US 1790346 A
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Patented Jan. 27, 1931 UNITED STATES PATENT OFFICE ELLERY H. HARVEY, ,OF LANSDALE, iENNSYLVANIA, ASSIGNOR T PERKINS GLUE I COMPANY, A COIRZPORATION OF DELAWARE rnocnss or MAKING VEGETABLE GLUE My invention relates to improvements in rying out the factory control method, the
processes of making vegetable glue and more particularly vegetable glue having substantially the adhesive properties of animal veneering glue.
It has been common for many years to make vegetable glue for furniture veneering by dissolvingone part starch in about 3 parts or less by weight of water with caustic alkali such as caustic soda which acts as a solvent of the starch in water. Sometimes a partially hydrolyzedor degenerated starch is used and sometimes a starch just as it comes on the market is used, cassava starch, or
tapioca flour as it is sometimes called, being preferred. See U. S. Reissued Letters Pats ent 13,436 granted July 2, 1912. As therein described the starch may be dissolved at or-.
dinary temperature or a carefully regulated heat (preferably below 175 F.) may be used, the amount of caustic solvent used being less when heat is used in dissolving.
The starches more commonly used (whether partially hydrolyzed or not) have been such that the resulting glue has had a specific viscosity of] 80,000 or more; A glue havinga viscosity of about 80,000 I'believe to be the best for all around furniture veneering. 'lhe viscosity may be somewhatv greater without greatly aflecting the workability of the glue but I prefer that it be not over 175,000.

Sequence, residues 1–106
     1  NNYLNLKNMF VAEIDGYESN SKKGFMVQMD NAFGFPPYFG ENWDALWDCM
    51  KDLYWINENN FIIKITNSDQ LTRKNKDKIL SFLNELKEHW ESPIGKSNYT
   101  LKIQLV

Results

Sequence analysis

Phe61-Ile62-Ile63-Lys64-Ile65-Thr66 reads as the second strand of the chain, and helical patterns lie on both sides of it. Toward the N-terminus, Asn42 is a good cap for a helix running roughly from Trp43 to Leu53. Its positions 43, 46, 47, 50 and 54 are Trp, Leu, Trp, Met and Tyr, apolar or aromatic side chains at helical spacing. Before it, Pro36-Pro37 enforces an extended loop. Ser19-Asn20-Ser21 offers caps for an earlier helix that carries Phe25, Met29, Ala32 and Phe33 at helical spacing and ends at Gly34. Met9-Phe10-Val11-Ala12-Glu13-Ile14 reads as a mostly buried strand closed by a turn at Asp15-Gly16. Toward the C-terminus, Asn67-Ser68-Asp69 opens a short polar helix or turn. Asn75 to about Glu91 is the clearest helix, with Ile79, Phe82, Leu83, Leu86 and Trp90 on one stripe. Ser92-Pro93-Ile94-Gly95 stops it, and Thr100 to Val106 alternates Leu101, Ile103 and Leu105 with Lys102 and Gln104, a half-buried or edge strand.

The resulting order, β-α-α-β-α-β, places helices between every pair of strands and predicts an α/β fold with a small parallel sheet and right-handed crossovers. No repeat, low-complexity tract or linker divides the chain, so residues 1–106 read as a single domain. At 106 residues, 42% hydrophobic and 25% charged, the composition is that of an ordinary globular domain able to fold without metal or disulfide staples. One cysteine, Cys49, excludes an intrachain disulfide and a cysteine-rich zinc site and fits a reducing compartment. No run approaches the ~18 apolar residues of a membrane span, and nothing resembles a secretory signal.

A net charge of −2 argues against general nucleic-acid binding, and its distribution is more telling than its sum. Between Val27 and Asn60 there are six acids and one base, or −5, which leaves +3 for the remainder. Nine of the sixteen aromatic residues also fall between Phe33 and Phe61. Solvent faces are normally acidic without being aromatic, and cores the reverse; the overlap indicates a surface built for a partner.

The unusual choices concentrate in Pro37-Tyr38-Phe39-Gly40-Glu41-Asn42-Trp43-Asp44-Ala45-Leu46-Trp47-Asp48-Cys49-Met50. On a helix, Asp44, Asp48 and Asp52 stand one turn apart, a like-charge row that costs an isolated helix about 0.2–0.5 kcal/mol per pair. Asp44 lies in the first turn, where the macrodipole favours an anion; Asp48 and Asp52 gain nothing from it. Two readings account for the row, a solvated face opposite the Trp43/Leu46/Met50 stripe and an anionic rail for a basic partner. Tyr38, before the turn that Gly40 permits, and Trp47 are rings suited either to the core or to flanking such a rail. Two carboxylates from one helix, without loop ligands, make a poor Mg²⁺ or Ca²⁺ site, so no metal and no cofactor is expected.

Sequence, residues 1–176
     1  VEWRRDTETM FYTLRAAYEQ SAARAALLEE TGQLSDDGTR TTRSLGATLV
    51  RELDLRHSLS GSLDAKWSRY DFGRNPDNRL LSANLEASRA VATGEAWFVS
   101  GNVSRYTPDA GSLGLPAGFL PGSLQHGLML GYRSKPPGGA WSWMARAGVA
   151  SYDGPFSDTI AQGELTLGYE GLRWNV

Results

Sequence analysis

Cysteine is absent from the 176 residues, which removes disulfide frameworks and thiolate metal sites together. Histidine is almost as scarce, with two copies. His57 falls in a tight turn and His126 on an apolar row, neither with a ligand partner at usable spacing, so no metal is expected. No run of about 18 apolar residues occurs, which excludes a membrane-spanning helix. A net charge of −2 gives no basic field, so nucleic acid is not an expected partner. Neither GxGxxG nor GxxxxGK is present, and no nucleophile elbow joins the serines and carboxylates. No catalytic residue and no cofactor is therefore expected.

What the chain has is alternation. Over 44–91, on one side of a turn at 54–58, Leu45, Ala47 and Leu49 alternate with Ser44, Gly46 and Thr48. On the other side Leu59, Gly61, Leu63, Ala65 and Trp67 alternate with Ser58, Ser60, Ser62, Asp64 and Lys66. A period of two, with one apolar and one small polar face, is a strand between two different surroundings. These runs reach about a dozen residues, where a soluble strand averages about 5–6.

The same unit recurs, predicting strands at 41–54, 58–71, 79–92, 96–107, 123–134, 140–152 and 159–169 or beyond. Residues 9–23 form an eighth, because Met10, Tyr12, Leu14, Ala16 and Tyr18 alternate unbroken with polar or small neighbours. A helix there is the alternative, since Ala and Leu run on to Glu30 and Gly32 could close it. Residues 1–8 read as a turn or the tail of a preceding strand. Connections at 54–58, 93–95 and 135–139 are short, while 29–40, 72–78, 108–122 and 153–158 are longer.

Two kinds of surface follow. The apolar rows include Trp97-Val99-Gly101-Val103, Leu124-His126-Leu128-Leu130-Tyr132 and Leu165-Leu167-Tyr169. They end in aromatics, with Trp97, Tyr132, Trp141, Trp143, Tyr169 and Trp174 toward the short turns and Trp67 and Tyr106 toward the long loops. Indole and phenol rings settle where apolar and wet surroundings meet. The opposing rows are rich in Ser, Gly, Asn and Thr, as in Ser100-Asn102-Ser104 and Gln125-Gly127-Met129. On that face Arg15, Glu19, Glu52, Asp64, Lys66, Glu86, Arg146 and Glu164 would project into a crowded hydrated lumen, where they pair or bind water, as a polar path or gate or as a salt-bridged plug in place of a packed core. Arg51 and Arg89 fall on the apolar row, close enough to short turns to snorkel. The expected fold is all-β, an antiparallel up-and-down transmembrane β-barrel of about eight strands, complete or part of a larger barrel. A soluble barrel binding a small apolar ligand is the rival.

Such an increase in viscosity is not so disadvantageous as a viscosity materially below 80,000. These viscosity figures represent the specific viscosity of the glue as compared with that of water at 20 C. and are measured when the glue is at substantially 75 F. and
- may be measured by an apparatus andin a not represent the same viscosities as would be obtained upon glue made up in a large kettle as employed for factory conversion. In car- Application (filed September 19, 1923. Serial No; 663,713.
specific procedure is preferably employed as follows :814 cc, of water are placed in a kettle geared to run 84 'R. P. M., 400 rams of flour having a moisture content of is spun and agitation continued for about 5 i to 16% are added, the agitator in the kettle minutes. Add 36 cc. of 3 to l C. P. caustic soda solution,,taking 5 minutes to add it. Turn on the steam in the kettle carefully so that the glue is gradually and smoothly converted to 170 F. taking 20 minutes to bring of water would produce a glue having a viscosity of 80,000 or more. For-this purpose it has been necessary to select the so-called high grade starches (such as the high grade cassava starches) which starches are the more expensive. When it has been attempted to make the glue from the lower grade or less expensive starches, and particularly low grade cassava, in the manner above set forth it is found that the viscosity of the resulting glue, even if as little as 2 parts of water be used, is materiallybelow 80,000 and while the glue has considerable adhesiveness, it is sloppy and diflicult to apply with the spreading machines commonly used to apply the same in furniture veneering. It is diflicult if not impossible toapply it to the wood veneer layersevenly and in proper quantity, Itfrequently slops oil the spreading rolls and wood veneer sheets onto the floor causing a very considerable loss of glue as well asadding to the labor necessary to keep the factory clean and in proper order. The glue also slops ofi onto the hands of the workmen increasing the dificulties of handling the machines and wood veneers and making the work very disagreeable. Finally such a low viscosity glue is likely to penetrate, too readily into porous parts of the wood or any soft porous kinds of wood and make unreliable joints.